…this story, of one of the richest countries in minerals and natural resources (Democratic Republic of Congo) who has seen up to ten million of its people killed while Western companies and foreign governments help themselves to Congo’s treasures, is unworthy of even the faintest of mention. Coupled with a 2010 UN report that found Rwanda guilty of serious war crimes, resource exploitation, and even went so far as to suggest that what Rwanda did in Congo was genocide, Simons’ silence is even more troubling.
In Simons’ defense, she is not alone. The New York Times — as a whole — has provided very poor coverage of the recent UN report. They have only published one article—”Congo: Rwanda Tied to Rebels“—consisting of 90 words, where they describe rebels as being “aided by neighboring Rwanda.” There is no mention of the extent of the “aid,” or how the U.S. used its power in the Security Council to try and derail the release of the 2012 UN report.
How this squares with the Times’ slogan of “all the news fit to print” is a mystery. Elsewhere it can be noted that it is Rwanda who is fuelling the conflict in Congo, not Joseph Kony, or Thomas Lubanga, or Bosco Ntaganda, but the U.S-backed Rwanda. But the New York Times finds such an important story unworthy of attention, cropping it to less than one hundred words, and burying it in the back of its paper.
The New York Times pattern of focusing on real, imagined, or inflated crimes of “enemies” while ignoring the U.S. and its allies raises serious questions about the Times as a media institution. Is it an impartial news source informing the general public with journalistic integrity, or is it a public relations firm manipulating the opinions of the general public in service of the prevailing economic and political power systems?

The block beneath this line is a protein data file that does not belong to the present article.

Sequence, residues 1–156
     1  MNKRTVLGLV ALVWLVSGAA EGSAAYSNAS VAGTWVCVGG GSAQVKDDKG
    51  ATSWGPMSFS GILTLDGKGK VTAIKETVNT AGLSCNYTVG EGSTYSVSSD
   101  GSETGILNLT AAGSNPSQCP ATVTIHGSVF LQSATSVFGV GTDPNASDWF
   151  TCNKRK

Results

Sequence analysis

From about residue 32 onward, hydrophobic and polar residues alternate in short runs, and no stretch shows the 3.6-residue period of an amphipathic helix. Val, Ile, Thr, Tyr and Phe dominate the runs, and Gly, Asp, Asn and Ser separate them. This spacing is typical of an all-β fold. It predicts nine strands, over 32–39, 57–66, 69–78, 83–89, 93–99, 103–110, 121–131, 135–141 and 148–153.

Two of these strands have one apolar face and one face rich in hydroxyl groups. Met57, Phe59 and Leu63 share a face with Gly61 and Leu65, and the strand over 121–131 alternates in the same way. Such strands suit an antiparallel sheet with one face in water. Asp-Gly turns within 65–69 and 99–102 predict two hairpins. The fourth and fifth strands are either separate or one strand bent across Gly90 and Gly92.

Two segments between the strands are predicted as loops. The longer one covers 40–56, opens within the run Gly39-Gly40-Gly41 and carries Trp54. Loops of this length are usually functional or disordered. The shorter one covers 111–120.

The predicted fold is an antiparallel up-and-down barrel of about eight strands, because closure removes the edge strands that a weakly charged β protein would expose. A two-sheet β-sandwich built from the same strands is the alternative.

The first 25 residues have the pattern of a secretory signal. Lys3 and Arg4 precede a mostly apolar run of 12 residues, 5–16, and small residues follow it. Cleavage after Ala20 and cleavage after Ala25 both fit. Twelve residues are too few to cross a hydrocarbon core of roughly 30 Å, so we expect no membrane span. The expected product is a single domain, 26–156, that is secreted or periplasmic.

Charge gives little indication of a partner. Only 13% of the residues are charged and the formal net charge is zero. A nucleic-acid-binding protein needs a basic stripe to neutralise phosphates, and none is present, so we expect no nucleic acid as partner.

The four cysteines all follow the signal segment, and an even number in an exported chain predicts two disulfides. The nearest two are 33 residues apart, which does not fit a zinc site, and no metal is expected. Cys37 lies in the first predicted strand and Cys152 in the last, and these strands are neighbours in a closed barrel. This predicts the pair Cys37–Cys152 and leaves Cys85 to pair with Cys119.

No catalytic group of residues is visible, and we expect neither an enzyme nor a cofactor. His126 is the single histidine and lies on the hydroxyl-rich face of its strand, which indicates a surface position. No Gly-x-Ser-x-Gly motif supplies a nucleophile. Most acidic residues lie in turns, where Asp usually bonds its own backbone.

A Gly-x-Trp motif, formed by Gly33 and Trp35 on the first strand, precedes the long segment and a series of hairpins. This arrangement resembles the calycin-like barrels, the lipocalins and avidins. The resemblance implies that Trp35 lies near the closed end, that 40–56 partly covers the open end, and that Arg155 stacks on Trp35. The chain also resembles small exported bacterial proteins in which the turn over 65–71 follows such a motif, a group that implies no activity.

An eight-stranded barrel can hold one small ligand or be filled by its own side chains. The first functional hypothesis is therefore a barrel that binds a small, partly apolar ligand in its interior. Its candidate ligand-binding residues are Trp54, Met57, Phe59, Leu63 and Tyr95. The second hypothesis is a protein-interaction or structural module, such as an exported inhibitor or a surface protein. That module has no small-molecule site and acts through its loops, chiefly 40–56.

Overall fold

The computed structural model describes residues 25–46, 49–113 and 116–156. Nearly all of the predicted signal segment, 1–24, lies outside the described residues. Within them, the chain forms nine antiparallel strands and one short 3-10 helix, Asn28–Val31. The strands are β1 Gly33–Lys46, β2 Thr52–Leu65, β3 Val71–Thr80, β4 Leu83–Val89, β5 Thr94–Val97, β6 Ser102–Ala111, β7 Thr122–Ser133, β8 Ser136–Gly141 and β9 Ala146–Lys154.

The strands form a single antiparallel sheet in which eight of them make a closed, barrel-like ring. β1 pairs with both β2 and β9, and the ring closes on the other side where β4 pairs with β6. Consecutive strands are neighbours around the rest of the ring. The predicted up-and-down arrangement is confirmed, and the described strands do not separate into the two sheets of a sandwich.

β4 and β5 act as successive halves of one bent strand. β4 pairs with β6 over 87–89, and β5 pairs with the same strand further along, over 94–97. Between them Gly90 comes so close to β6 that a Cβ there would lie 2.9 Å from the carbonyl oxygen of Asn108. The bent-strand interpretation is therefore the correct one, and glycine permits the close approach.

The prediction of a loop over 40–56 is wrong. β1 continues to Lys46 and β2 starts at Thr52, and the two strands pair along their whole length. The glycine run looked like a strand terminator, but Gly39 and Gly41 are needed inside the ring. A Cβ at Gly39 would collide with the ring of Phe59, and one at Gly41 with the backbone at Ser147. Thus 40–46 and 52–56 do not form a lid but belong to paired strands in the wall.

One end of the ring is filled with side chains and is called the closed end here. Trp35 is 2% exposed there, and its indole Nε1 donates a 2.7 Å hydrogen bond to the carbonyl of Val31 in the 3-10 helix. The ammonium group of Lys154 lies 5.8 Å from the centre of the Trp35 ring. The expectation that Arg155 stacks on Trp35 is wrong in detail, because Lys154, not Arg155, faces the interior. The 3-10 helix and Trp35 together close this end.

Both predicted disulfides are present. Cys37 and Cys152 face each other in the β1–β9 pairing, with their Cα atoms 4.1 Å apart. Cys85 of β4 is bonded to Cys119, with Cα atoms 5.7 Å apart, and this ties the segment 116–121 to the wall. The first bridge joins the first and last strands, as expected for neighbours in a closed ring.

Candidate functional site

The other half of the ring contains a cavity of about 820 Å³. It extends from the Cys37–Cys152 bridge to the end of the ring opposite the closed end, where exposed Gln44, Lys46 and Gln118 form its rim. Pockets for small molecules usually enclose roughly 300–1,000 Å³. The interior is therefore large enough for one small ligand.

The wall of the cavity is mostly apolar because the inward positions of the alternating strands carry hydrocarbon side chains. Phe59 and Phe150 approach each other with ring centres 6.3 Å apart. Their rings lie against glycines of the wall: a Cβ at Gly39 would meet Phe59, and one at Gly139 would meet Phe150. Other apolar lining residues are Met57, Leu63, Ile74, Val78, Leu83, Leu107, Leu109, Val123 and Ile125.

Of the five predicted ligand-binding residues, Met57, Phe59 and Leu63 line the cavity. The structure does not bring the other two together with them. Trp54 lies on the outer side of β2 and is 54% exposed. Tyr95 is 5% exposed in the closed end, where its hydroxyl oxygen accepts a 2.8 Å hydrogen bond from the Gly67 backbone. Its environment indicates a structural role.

Map of US Military and CIA Interventions since World War II
“We came, We saw, We destroyed, We forgot” by William Blum
An updated summary of the charming record of US foreign policy. Since the end of the Second World War, the United States of America has …
1. Attempted to overthrow more than 50 governments, most of which were democratically-elected.
2. Attempted to suppress a populist or nationalist movement in 20 countries.
3. Grossly interfered in democratic elections in at least 30 countries.
4. Dropped bombs on the people of more than 30 countries.
5. Attempted to assassinate more than 50 foreign leaders.
In total: Since 1945, the United States has carried out one or more of the above actions, on one or more occasions, in the following 69 countries (more than one-third of the countries of the world):
- British Guiana (now Guyana)
- Congo (also as Zaire)
- Costa Rica
- Dominican Republic
- East Timor
- El Salvador
- Germany (plus East Germany)
- North Korea
- South Africa
- Soviet Union
- Vietnam (plus North Vietnam)
- Yemen (plus South Yemen)
The first democratically elected government the CIA overthrew was actually Iran’s in 1953 through Operation Ajax. Democratically elected Prime Minister Mohammad Mossadiq and his National Front Party planned on nationalizing the Anglo-Iranian Oil Company (now known as BP). To protect British interests, the CIA and MI6 overthrew Mossadiq, reinstalled the Shah, and set up a secret police known as SAVAK. Until the Iranian Revolution in 1979, the Shah and SAVAK killed over 20,000 Iranians.